Scherzer to start ALDS opener

BY foxsports • October 1, 2013

DETROIT – The suspense is over.

Detroit Tigers right-hander Max Scherzer will start Game 1 of the American League Division Series against the Athletics in Oakland on Friday at 9:37 p.m. EST.

Tigers manager Jim Leyland said Tuesday that Justin Verlander will start Game 2 on Saturday night, while Anibal Sanchez pitches Game 3 in Detroit on Monday and Doug Fister goes in Game 4 on Tuesday if that game is necessary.

“That will be our rotation for the playoffs,” Leyland said. “Hopefully, this will lead up to a lot of conversation. But I could send five guys up there that I’d be comfortable with.”

Detroit had five starters who won between 13 and 21 games, and Rick Porcello will leave the rotation for the bullpen because only four starters are required in the postseason with the numerous off days for travel.

Having Porcello ready to relieve will be key because Leyland said that one of his top late-inning options, Bruce Rondon, is not expected to be on the club’s 25-man roster because of a tender right elbow.

“It looks like Rondon and (Phil) Coke will not be available for the first round,” Leyland said of the two injured relievers.

Leyland said he had until 11 a.m. Friday to finalize the roster, and would not speculate on the relief pitcher and bench player spots that are up for grabs.

The skipper did have some good news on starting shortstop Jose Iglesias, whose bruised left hand bothered him while batting in the final series with the Marlins in Miami.

“His hand is fine and I’m happy to announce that,” Leyland said. “That will not be an issue.”

Iglesias had little trouble playing defense, but did experience difficulty gripping the bat. He was 0-for-8 in Miami, but hit .303 for his rookie season.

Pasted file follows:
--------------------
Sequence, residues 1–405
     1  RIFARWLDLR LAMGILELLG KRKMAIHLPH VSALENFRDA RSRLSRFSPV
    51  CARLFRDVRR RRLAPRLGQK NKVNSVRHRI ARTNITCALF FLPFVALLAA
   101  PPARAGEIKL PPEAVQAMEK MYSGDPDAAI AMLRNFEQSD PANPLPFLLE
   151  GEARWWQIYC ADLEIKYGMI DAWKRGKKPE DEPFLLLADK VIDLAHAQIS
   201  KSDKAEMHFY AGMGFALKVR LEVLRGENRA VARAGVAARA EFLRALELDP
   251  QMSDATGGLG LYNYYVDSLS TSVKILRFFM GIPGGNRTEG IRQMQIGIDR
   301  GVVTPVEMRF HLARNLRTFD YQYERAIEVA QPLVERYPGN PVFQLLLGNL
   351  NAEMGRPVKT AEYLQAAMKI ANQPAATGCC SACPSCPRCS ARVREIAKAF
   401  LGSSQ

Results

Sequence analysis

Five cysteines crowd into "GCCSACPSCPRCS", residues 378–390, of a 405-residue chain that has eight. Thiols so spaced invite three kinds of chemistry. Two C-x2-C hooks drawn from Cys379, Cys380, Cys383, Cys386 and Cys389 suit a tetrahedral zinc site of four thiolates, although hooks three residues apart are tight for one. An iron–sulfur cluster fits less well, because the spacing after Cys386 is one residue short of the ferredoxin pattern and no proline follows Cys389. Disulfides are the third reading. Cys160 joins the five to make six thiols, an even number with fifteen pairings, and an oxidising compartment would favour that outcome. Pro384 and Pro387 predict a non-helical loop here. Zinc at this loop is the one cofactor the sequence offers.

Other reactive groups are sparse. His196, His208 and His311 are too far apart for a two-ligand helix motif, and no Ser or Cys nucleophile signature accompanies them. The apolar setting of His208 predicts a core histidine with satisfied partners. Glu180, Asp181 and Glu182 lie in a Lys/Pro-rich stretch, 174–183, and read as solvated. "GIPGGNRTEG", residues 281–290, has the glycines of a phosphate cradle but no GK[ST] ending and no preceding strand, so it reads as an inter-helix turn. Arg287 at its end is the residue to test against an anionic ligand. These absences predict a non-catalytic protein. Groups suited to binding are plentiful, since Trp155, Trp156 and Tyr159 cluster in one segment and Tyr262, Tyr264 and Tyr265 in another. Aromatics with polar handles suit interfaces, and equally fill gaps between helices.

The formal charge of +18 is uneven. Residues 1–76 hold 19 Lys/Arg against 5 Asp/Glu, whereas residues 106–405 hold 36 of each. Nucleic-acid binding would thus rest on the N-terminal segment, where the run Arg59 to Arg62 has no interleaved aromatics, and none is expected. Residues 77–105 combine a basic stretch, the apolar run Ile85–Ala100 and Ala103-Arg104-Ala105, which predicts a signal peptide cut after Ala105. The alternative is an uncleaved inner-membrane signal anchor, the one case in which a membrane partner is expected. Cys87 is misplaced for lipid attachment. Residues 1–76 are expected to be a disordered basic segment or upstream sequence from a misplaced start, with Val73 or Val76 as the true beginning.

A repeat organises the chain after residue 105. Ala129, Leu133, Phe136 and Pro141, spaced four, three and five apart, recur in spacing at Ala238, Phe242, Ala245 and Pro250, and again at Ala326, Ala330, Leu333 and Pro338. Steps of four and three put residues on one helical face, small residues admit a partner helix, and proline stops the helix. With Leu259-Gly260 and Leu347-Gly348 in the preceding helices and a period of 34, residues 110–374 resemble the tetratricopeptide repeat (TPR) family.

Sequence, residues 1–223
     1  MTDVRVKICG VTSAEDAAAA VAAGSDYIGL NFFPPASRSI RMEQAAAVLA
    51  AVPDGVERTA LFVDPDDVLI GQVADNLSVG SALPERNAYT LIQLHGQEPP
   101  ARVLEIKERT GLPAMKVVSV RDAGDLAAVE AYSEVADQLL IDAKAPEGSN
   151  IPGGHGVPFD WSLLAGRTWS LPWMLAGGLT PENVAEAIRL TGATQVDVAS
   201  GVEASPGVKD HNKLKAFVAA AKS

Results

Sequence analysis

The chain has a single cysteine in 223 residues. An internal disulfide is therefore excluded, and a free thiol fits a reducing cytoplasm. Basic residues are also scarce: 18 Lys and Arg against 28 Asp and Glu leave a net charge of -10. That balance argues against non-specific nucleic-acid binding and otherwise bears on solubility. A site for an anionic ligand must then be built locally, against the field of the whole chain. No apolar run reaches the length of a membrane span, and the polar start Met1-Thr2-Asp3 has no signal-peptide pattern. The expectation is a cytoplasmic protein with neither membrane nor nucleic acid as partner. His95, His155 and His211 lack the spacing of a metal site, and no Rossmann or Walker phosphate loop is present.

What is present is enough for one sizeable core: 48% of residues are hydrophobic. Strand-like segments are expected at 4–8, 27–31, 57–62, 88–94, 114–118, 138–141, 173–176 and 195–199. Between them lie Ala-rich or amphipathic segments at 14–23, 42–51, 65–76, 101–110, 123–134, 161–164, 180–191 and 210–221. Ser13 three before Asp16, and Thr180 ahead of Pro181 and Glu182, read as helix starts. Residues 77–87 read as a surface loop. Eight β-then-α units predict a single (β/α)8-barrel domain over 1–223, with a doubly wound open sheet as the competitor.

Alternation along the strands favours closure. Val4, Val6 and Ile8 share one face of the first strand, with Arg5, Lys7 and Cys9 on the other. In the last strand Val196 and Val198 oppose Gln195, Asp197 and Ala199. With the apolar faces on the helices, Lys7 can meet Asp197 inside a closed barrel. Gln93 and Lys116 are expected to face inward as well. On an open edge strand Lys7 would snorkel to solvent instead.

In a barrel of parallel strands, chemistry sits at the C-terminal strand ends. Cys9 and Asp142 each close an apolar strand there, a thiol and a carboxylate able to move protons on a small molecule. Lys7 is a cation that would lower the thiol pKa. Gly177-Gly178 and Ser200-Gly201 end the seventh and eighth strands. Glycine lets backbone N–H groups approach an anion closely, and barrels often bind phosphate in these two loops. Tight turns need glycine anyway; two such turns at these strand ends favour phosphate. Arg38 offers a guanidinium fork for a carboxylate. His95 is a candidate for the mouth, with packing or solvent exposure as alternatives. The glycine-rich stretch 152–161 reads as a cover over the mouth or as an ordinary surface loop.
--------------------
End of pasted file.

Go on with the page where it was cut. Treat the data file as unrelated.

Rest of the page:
Verlander, the 2011 AL MVP and Cy Young Award winner, had been the easy choice as the Game 1 starter in the last two postseasons. However, he slipped to 13-12 with a 3.46 ERA. Scherzer became the winningest pitcher in baseball (21-3, 2.90 ERA, 240 strikeouts) while earning the AL All-Star Game start and setting a club single-season winning percentage mark of .875.

“If it’s me,” said Verlander, “I’m probably making the same decision ... whether it’s Game 1 or 17, I’m going to go out and do my job.

“Do I want to start Game 1? Absolutely. But I understand what’s going on, and I went up to Max and said congratulations. He’s earned it.”

Scherzer said, “I take it as an honor. But it doesn’t matter where I start.”

What matters to Scherzer is the competition, and he’s looking forward to facing the A’s and hearing their raucous fans at the Oakland Coliseum.

“Oakland’s going to be a hostile place,” Scherzer said. “They are going to be yelling at you from the moment you step on the field. It’s the most intense baseball atmosphere I’ve ever been a part of.”

And it should be louder than ever because the A’s have removed the covers from the stadium’s upper deck to sell thousands more tickets.

“I can only imagine that,” Scherzer said. “It’s going to be even more fun. It’s going to be such a rush. I have to go out as intense as they are and match it.”

Scherzer said he relishes competing amid all the hooting and hollering.

“I never get nervous no matter what,” he said with a smile. “I just keep marching forward. You always have to be relaxed and be prepared. If you are prepared, there is no reason to worry.”

Verlander said the Tigers were accustomed to coming into Oakland and finding small crowds with only pockets of vocal fans during regular season encounters. He said their 2012 ALDS frenzy caught the Tigers off guard a bit, but now they know what to expect.

“The atmosphere’s great and it’s a lot of fun to pitch there,” Verlander said. “I threw ball one there last year and they started to go nuts. They are a difference-maker – they really are.”

The Tigers took two of three games in Oakland in April, when only one crowd exceeded 21,000. Verlander got a win, while Scherzer allowed one run over six innings with no decision.

The A’s took three of four from the Tigers in Detroit in late August, and much is being made of that.

“But I remember beating the crap out of St. Louis in 2006 and that didn’t go so well,” said Verlander, recalling his rookie season, when Detroit  swept three games from the Cardinals that June at Comerica Park and later lost the World Series to them in five games.

Leyland noted that Verlander would be available for Game 5 in the event Scherzer was unable to pitch. Verlander would be pitching on his normal fifth day in that event.

“But hopefully we’re not going to a Game 5,” Verlander said. “Hopefully, we can win it in three.”

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